no shit

shit

[shit] Vulgar.
noun
1.
excrement; feces.
2.
an act of defecating; evacuation.
3.
the shits, diarrhea.
4.
Slang. pretense, lies, exaggeration, or nonsense.
5.
Slang. something inferior or worthless.
6.
Slang. a selfish, mean, or otherwise contemptible person.
7.
Slang. narcotic drugs, especially heroin or marijuana.
8.
Slang. possessions, equipment, mementos, etc.; stuff.
verb (used without object), shit or shat, shitting.
9.
to defecate.
verb (used with object), shit or shat, shitting.
10.
Slang. to exaggerate or lie to.
11.
Slang. to defecate in (one's clothes), as from terror or illness; soil (oneself): She was so shocked, she shit her pants!
interjection
12.
Slang. (used to express disgust, disappointment, frustration, contempt, or the like.)
Idioms
13.
give a shit, Slang. (often used in the negative) to care; be concerned: My ex will be at the party with his new girlfriend, but I don't give a shit. Who gives a shit if you're going or not going!
14.
no shit, Slang.
a.
(used to express amazement or incredulity): He got into MIT? No shit!
b.
(used to express one's annoyance with an obvious statement.)
15.
in deep shit, Slang. in trouble: If I don't study for that math test, I'll be in deep shit.
16.
up shit/shit's creek, Slang. in a desperate or hopeless situation; in serious trouble: You'd be up shit's creek if I wasn't here to bail you out, Billy—I'm telling you, this is the last time! Also, up shit/shit's creek without a paddle.

Origin:
(v.) variant (with short i from past participle or noun) of earlier shite, Middle English shiten, Old English scītan; compare Middle Low German, Middle Dutch schiten (Dutch schijten), Old High German skīzan (German scheissen); (noun) re-formation from the v., or continuation of Old English scite (in place names)

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Based on the Random House Dictionary, © Random House, Inc. 2014.
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Collins
World English Dictionary
shit (ʃɪt, ʃaɪt)
 
vb , shits, shitting, shitted, shit, shat
1.  to defecate
2.  slang (usually foll by on) to give the worst possible treatment (to)
 
n
3.  faeces; excrement
4.  an act of defecation
5.  rubbish; nonsense
6.  an obnoxious or worthless person
7.  cannabis resin or heroin
8.  in the shit in trouble
9.  the shit hits the fan the real trouble begins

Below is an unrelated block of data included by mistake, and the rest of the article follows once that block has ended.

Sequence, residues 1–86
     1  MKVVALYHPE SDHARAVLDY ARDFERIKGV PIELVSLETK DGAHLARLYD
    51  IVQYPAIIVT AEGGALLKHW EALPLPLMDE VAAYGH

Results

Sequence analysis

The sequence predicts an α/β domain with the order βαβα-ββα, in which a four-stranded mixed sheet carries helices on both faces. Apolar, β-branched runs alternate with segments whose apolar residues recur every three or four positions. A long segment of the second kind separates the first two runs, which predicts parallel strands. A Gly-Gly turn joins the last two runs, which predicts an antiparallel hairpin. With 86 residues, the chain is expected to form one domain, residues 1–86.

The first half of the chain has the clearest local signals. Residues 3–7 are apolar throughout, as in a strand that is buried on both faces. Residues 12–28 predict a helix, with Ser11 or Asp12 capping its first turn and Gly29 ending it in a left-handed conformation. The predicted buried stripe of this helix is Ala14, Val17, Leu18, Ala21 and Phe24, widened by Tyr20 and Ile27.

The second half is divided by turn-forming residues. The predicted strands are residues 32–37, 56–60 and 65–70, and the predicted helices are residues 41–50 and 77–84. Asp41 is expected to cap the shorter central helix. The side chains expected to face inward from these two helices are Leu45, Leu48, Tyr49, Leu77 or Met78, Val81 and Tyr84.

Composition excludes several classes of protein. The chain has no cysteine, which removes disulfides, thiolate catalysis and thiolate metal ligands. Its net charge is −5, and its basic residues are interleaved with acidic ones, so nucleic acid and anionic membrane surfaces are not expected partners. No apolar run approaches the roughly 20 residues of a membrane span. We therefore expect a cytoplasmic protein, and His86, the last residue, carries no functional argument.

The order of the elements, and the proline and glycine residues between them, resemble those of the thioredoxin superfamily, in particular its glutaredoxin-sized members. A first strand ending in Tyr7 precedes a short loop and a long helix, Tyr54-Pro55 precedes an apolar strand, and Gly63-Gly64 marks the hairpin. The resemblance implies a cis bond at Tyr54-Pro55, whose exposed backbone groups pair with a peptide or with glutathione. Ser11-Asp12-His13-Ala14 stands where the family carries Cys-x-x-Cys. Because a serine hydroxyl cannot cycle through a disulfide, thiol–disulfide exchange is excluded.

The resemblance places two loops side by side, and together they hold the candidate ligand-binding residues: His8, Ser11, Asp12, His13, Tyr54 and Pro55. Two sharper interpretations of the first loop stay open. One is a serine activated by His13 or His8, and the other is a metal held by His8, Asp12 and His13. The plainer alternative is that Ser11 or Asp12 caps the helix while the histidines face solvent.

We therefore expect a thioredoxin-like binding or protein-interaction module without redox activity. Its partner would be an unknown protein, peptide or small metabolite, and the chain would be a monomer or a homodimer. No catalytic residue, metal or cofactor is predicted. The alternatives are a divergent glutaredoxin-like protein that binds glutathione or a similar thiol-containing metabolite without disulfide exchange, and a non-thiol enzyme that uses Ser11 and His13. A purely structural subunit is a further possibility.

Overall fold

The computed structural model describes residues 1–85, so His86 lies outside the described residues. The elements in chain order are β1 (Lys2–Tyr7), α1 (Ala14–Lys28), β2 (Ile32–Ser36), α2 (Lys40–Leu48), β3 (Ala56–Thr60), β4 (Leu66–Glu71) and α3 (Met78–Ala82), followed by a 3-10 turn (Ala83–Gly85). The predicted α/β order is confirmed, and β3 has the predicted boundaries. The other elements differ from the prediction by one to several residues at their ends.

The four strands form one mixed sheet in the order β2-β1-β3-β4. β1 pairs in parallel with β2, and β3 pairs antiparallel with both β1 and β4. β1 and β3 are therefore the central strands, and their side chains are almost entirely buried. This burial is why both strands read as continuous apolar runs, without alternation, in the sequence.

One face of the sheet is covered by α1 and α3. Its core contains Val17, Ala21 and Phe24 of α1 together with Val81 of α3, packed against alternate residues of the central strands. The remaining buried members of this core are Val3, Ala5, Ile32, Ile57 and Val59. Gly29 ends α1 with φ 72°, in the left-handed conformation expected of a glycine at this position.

interj
10.  an exclamation expressing anger, disgust, etc
 
[Old English scite (unattested) dung, scītan to defecate, of Germanic origin; related to Old English scēadan to separate, Old Norse skīta to defecate, Middle Dutch schitte excrement]
 
'shitty
 
adj
 
'shittily
 
adv
 
'shittiness
 
n

Collins English Dictionary - Complete & Unabridged 10th Edition
2009 © William Collins Sons & Co. Ltd. 1979, 1986 © HarperCollins
Publishers 1998, 2000, 2003, 2005, 2006, 2007, 2009
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Etymonline
Word Origin & History

shit
O.E. scitan, from P.Gmc. *skit-, from PIE *skheid- "split, divide, separate." Related to shed (v.) on the notion of "separation" from the body (cf. L. excrementum, from excernere "to separate"). It is thus a cousin to science and
conscience. The noun is O.E. scitte "purging;" sense of "excrement" dates from 1585, from the verb. Despite what you read in an e-mail, "shit" is not an acronym. The notion that it is a recent word may be because the word was taboo from c.1600 and rarely appeared in print (neither Shakespeare not the KJV has it), and even in "vulgar" publications of the late 18c. it is disguised by dashes. It drew the wrath of censors as late as 1922 ("Ulysses" and "The Enormous Room"), scandalized magazine subscribers in 1957 (a Hemingway story in "Atlantic Monthly") and was omitted from some dictionaries as recently as 1970 ("Webster's New World"). Extensive slang usage; verb meaning "to lie, to tease" is from 1934; that of "to disrespect" is from 1903. Noun use for "obnoxious person" is since at least 1508; meaning "misfortune, trouble" is attested from 1937. Shat is a humorous past tense form, not etymological, first recorded 18c. Shite, now a jocular or slightly euphemistic variant, formerly a dialectal variant, reflects the vowel in the O.E. verb (cf. Ger. scheissen). Shit-faced "drunk" is 1960s student slang; shit list is from 1942. To not give a shit "not care" is from 1922; up shit creek "in trouble" is from 1937. Scared shitless first recorded 1936.
"The expression [the shit hits the fan] is related to, and may well derive from, an old joke. A man in a crowded bar needed to defecate but couldn't find a bathroom, so he went upstairs and used a hole in the floor. Returning, he found everyone had gone except the bartender, who was cowering behind the bar. When the man asked what had happened, the bartender replied, 'Where were you when the shit hit the fan?' " [Hugh Rawson, "Wicked Words," 1989]
Online Etymology Dictionary, © 2010 Douglas Harper
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American Heritage
Idioms & Phrases

no shit

Really, do you mean it, as in You took her to a prizefight? No shit! This vulgar slangy interjection is used to express surprise, disbelief, or scornful acknowledgment of the obvious.

The American Heritage® Dictionary of Idioms by Christine Ammer.
Copyright © 1997. Published by Houghton Mifflin.
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